A STONE sculpture featuring poetry by Chipping Sodbury schoolchildren and designed to raise awareness of the plight of bees in the local area has been unveiled in the town.

The artwork, by Bristol sculptor Michael Blow, was inspired by a nearby community orchard, in Couzens Close, which has a number of active beehives and beekeepers who help to produce prize-winning runny honey.

The sculpture, now on public view at Barnhill Court, McCarthy and Stone’s new assisted living development for elderly people, features a honeybee wing made up of intricate honeycomb cells and decorated with a gold leaf.

Delicately carved into the stone are also lines of poetry created by children from St John’s Mead Primary School. Year five pupils took part in a creative workshop where Michael was able to draw inspiration for the design and shape of the honeybee wing from their drawings, and which he later brought to life using stone.

Their sayings including “bees don’t hurt you unless you hurt them” and “bees don’t want money they want honey”, produced to draw attention to the important role of the honeybee in the food chain, take pride of place along the outer edge of the sculpture.

Michael, a member of the Royal British Society of Sculptors, said: “Sodbury bees forage around Chipping Sodbury and there are a number of beehives close to the development so it seemed quite fitting to take our inspiration from this and to help raise awareness at the same time about the vital job bees do for our local eco-structure.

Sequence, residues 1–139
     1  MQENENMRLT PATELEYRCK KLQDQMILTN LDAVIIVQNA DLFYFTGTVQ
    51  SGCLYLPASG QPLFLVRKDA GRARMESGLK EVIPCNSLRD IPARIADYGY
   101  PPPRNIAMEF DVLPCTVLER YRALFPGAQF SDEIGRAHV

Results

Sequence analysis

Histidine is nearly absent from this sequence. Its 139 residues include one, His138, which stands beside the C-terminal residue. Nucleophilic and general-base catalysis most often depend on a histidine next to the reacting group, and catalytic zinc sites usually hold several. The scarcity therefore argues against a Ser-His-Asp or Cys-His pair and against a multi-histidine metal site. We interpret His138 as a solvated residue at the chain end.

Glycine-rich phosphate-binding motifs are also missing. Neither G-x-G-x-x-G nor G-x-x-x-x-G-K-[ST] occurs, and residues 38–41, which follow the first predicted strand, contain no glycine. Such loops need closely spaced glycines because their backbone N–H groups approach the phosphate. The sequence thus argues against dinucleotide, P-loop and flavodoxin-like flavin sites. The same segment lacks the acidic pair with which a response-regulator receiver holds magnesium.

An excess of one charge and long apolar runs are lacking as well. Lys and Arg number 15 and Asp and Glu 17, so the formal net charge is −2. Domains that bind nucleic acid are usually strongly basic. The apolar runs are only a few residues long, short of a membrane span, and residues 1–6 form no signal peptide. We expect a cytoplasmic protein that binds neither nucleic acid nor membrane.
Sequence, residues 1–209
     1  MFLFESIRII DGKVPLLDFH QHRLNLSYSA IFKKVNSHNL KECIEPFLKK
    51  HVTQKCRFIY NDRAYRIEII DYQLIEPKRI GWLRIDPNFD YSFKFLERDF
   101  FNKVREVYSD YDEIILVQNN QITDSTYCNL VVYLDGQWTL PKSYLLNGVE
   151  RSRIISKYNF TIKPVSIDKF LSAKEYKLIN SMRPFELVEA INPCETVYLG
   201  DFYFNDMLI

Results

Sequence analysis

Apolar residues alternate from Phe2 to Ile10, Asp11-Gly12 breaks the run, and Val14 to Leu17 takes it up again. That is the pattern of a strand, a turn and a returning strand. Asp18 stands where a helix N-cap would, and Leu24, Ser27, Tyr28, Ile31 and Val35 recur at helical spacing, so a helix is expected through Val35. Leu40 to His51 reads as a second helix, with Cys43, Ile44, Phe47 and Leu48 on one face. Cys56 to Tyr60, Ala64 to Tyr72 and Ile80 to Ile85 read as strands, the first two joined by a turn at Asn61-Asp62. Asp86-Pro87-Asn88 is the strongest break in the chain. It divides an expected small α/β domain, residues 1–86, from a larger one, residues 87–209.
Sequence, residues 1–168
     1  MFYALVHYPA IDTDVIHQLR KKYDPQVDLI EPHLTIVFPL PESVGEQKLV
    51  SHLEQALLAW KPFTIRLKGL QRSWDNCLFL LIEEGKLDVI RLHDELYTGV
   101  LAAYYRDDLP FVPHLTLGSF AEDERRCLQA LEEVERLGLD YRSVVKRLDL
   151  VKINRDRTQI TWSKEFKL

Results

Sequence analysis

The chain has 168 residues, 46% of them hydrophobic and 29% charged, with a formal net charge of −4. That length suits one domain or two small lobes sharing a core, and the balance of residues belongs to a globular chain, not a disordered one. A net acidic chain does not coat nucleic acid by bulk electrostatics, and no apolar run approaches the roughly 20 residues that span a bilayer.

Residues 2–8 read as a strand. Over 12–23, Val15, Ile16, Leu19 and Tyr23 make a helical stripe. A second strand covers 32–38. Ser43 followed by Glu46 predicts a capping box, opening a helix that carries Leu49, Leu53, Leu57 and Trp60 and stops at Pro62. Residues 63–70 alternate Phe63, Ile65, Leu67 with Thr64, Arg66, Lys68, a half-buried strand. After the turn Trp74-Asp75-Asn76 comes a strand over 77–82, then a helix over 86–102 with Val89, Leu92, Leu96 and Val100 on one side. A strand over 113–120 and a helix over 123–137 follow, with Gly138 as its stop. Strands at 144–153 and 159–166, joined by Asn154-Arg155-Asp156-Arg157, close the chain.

“McCarthy and Stone was really keen to involve as many people from the local community as possible in coming up with the design which, along with key stakeholders and the school children from St John’s Mead Primary School, made it feel like a real collaborative effort.

"I’m extremely proud of what we’ve achieved with the sculpture, and I hope it will not only be enjoyed by the homeowners at Barnhill Court, but all who come to see it.”

Kim Caldwell, regional sales and marketing director for McCarthy and Stone Southern, said: “We wanted to create something that was not only beautiful to look at, and would add the finishing touch to our stunning Barnhill Court development, but which was also long-lasting and had local significance to the people of Chipping Sodbury so everyone in the community could enjoy it.

“I know from homeowners who have already settled into the development how much they enjoy the quality of surroundings there, and the sculpture will definitely provide a talking point for families and visitors. “